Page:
In another letter, Devlin-Brown asks that the bank treat the funds "as legally seized" by the FBI, saying that the government has probable cause that the gambling payments of U.S. residents had been directed to offshore illegal Internet gambling businesses, the AP reported.
A source at Citgroup familiar with the government request, however, confirmed the "bank has been contacted and is cooperating" with the authorities.
According to the alliance, the laws cited by prosecutors "appear to allege violations of the Wire Act and the Illegal Gambling Business Act" and not to a more recent piece of legislation on online gaming called the Unlawful Internet Gambling Enforcement Act.
Another player, Sam Friedman, a 24-year-old accountant in New York City who plays every night in tournaments on FullTiltPoker.com, said he realized the company had last week removed an option to deposit winnings directly into his Citibank account.
"There are lots of ways to deposit and withdraw money and payment options are always disappearing, but something didn't seem right," Friedman said.
"I can't believe the government is reaching into people's bank accounts like this," he said. "For a lot of serious players this is their lifeblood. This is how they make ends meet."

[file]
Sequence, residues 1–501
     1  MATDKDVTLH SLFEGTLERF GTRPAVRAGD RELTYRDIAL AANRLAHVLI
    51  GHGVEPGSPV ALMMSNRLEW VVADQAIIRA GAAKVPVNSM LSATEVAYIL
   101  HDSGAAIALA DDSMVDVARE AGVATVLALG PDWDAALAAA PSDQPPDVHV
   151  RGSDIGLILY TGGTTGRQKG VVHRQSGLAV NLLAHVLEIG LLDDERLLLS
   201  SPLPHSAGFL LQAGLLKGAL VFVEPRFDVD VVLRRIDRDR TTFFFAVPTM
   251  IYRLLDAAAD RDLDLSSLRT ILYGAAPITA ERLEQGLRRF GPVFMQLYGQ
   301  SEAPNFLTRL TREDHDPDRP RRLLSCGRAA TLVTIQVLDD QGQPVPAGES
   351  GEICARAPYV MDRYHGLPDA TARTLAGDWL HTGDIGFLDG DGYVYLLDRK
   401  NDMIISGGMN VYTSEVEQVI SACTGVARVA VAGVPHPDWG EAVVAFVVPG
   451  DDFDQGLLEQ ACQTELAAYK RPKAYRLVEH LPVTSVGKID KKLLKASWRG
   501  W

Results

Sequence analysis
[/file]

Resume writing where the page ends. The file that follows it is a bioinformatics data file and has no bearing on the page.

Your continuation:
Both FullTiltPoker.com and PokerStars.com have reimbursed players who tried to cash out and were unable to.
"In light of recent events involving the freezing of certain accounts, Full Tilt Poker would like to assure all players that their funds remain safe and secure," spokeswoman Michelle Clayborn said in a statement.
"All players who were affected by the current situation have had their funds returned to their accounts," the statement said.
David, the World Series hopeful, said he had been reimbursed by PokerStars and given an additional 10 percent credit.
He used his own savings to buy into the World Series and will use the winnings from his championship game online to pay himself back as soon as he gets them, he said.